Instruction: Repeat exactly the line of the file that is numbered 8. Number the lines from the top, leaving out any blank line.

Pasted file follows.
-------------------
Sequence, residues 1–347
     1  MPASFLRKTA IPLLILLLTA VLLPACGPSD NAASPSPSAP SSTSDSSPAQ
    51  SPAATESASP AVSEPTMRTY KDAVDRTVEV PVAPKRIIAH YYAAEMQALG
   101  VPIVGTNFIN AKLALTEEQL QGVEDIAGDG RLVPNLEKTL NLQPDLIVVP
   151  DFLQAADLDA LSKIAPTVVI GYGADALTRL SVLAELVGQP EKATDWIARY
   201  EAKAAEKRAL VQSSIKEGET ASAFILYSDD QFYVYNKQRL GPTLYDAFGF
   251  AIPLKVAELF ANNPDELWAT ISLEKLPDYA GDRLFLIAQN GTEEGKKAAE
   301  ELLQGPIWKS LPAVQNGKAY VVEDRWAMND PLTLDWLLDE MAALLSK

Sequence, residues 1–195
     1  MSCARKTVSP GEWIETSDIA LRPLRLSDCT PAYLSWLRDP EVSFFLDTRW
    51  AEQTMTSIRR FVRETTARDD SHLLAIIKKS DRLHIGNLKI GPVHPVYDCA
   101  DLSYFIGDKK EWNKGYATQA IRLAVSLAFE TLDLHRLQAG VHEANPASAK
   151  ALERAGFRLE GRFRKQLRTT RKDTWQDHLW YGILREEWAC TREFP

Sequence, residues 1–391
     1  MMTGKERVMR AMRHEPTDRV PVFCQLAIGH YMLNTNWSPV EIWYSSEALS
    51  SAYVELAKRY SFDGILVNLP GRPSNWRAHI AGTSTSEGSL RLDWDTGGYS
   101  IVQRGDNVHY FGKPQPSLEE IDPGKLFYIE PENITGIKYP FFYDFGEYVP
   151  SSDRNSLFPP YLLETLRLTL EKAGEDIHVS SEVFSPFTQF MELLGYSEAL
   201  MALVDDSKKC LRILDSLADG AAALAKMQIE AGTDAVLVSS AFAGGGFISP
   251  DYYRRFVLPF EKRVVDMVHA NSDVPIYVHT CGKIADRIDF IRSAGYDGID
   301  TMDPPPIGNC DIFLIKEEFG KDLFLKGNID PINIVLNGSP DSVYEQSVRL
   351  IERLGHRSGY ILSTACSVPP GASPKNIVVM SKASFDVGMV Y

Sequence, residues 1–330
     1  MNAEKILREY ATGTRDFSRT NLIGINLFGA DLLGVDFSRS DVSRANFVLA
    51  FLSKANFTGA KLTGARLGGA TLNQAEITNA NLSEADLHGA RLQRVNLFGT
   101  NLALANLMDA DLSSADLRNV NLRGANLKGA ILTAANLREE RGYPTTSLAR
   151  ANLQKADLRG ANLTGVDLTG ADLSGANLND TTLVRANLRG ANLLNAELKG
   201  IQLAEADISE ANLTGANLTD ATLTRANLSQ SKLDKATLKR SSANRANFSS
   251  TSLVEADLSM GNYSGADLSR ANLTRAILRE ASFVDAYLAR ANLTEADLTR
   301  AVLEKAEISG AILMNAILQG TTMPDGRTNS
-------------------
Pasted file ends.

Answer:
   301  ELLQGPIWKS LPAVQNGKAY VVEDRWAMND PLTLDWLLDE MAALLSK